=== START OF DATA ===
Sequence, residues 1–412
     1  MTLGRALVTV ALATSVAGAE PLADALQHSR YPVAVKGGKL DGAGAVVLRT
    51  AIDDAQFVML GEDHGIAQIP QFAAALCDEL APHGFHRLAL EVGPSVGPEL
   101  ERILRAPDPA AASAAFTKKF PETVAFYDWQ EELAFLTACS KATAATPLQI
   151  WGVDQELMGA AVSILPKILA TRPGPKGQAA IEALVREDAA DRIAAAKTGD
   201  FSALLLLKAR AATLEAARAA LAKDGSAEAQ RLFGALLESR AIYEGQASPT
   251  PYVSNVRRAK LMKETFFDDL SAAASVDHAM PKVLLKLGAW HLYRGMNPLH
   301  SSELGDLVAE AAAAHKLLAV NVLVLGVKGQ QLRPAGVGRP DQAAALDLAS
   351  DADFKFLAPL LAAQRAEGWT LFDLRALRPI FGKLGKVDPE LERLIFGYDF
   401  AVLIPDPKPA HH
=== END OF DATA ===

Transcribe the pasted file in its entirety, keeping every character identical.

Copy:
Sequence, residues 1–412
     1  MTLGRALVTV ALATSVAGAE PLADALQHSR YPVAVKGGKL DGAGAVVLRT
    51  AIDDAQFVML GEDHGIAQIP QFAAALCDEL APHGFHRLAL EVGPSVGPEL
   101  ERILRAPDPA AASAAFTKKF PETVAFYDWQ EELAFLTACS KATAATPLQI
   151  WGVDQELMGA AVSILPKILA TRPGPKGQAA IEALVREDAA DRIAAAKTGD
   201  FSALLLLKAR AATLEAARAA LAKDGSAEAQ RLFGALLESR AIYEGQASPT
   251  PYVSNVRRAK LMKETFFDDL SAAASVDHAM PKVLLKLGAW HLYRGMNPLH
   301  SSELGDLVAE AAAAHKLLAV NVLVLGVKGQ QLRPAGVGRP DQAAALDLAS
   351  DADFKFLAPL LAAQRAEGWT LFDLRALRPI FGKLGKVDPE LERLIFGYDF
   401  AVLIPDPKPA HH